MediaWiki is meant to be an open platform and was not conceived with fine-grained access control in mind (like ACL). For most cases, that’s ok, but on a project I’m working on I’ve felt the need for keeping some parts of my wiki private and secure from indirect access using transclusions or searches.
In order to achieve that, I’ve entirely revamped the Semantic ACL extension, which had been left unmaintained for some years, but had great potential.
Here’s the list of features (more will be added when needed):
Works through transclusions: If a page is transcluding a page or a subset of the page that has a protection in place, users not allowed to view that content will see a placeholder message instead.
Works with files: If a file is protected, users not allowed to see the file will be denied access to the file page and will see placeholder content where the file is used in other pages. If a file is uncategorized or part of category that an anonymous user is not allowed to see, placeholder content will be displayed instead.
Works with search results: Search results including a page that a user is not allowed to see won’t display the content of the page, only its title.
Works with Structured Discussions and talk pages: A talk page or a structured discussion will get the same protection as its associated content page.
Works within the wiki: No need to edit LocalSettings.php to modify restrictions, everything is done from inside your wiki.
Works with many use cases: Restrictions can be enabled for anonymous/registered users, user groups or individual users.
Résumé: La médecine moderne ne peut plus se pratiquer sans l’aide de bases de connaissances cliniques. Or, toutes celles disponibles sont payantes et fermées et s’il est un domaine qui pourrait bénéficier d’un accès libre à de l’information fiable, de qualité et à jour, c’est celui de la santé. Wikimedica (http://wikimedi.ca) est une plateforme libre accès conçue à cette fin qui permet tant aux cliniciens de terrain qu’aux étudiants de collaborer dans la création et l’amélioration des connaissances essentielles à leur professions.
Abstract: Modern medicine cannot be practiced without the help of basic clinical knowledge. However, all that is available is payment based and restricted, and if ever there was a field in which one could benefit from free-access to trustworthy, high quality and up to date information, it would be healthcare. Wikimedica (http://wikimedi.ca) is a free-access platform created for this purpose which allows working clinicians and students to collaborate on the creation and the improvement of the knowledge essential to their professions.
README! There are many use cases for dual booting and guides for achieving it, this one concerns moving an existing Linux to a drive on which Windows is already installed and dual booting them. In other words, you will be combining existing Windows and Linux systems to coexist on the same hard drive.
I’ve been using the same hard drive for a while and transporting it from laptop to laptop whenever one would fail me (you can do that with linux). Now, after 8 years, I was fearing it was the actual hard drive that would break next so this time, I had to move my actual operating system to another physical disk.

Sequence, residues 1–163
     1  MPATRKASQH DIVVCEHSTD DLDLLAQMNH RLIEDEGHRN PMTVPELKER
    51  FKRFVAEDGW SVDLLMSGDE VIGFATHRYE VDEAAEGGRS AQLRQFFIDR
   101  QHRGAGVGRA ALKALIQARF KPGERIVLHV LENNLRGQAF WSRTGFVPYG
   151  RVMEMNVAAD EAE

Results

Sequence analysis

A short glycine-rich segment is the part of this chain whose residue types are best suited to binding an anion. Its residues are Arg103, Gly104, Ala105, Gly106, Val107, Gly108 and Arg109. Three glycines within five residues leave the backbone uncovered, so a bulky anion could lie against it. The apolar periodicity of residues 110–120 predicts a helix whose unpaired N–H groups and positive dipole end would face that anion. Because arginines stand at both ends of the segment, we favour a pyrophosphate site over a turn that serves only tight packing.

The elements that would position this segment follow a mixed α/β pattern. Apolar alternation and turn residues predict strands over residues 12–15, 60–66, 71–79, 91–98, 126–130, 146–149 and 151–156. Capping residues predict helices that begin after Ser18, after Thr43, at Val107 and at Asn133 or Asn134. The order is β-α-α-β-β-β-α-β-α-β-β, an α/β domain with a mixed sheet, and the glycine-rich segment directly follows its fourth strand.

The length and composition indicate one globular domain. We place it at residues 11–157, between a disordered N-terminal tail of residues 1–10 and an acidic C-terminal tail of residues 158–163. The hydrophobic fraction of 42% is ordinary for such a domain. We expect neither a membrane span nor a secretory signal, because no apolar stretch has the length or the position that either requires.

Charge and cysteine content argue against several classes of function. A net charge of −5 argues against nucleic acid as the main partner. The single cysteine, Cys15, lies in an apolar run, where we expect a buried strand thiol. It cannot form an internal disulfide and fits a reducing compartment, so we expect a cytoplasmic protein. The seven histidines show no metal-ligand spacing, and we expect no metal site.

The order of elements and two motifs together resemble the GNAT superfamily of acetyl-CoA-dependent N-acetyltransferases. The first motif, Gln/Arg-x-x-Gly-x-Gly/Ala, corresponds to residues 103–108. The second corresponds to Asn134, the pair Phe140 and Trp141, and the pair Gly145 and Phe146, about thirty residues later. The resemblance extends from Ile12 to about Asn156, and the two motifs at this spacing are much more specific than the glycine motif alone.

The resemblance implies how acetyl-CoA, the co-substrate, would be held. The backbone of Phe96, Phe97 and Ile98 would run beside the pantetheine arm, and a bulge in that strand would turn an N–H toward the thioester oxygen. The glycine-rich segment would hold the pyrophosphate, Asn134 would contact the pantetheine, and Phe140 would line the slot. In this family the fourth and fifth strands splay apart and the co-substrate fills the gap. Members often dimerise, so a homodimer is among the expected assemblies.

Wanting to be able to dual boot into windows as well, I was stuck in a scenario for which there was not much help on the web. Here’s what I did:
Resize your Windows partition using the disk management tool to make room for Linux and its swap. The new Linux partition must be larger that the one you are moving from.
Reboot to a Linux live CD or GParted and create a bootable Linux and a swap partition (they must be primary) after the Windows partition.
Clone you existing Linux OS partition from the old hard drive to the new.
Plug in your old drive (external SATA, external disk case, extra hard-drive bay, etc.) but leave it unmounted.
dd if=/dev/sdXY of=/dev/sdWZ bs=1M
where XY is the drive letter and partition of the Linux OS you are moving from and WZ those of the partition you are moving to.
Wait for a while, depending on the size of the partition, this could take a bit because you are cloning every single byte from one partition to the other. In my case, it tool a good solid two hours and half.
Unmount and disconnect your old Linux OS hard drive. In case something goes wrong, simply popping it back in your computer will restore your setup just the way it was before.
Mount your new Linux partition.
From within the Live CD, restore the GRUB2 bootloader by executing
where mountPoint is where you new Linux partition is mounted and sdW is the drive where it resides.
Since the partition’s GUIDs have changed you need to update the /etc/fstab file on your Linux with the new ones. Any file editor will do. Look up the new GUIDs for your new OS and swap partitions by running
ls -al /dev/disk/by-uuid/
Remove the live CD and restart the computer. From within GRUB2’s boot menu, you should only see your Linux and not Windows, that’s normal. Boot your Linux OS.
grub-mkconfig -o /boot/grub2/grub.cfg
GRUB2 will scan your hard drive, find the Windows install and create a new boot configuration file. Now, when you reboot your machine, you will see Windows within the boot menu menu entries.
Finally, since the size of the underlying partition holding your Linux installation has changed, the size of the file system has to be updated as well: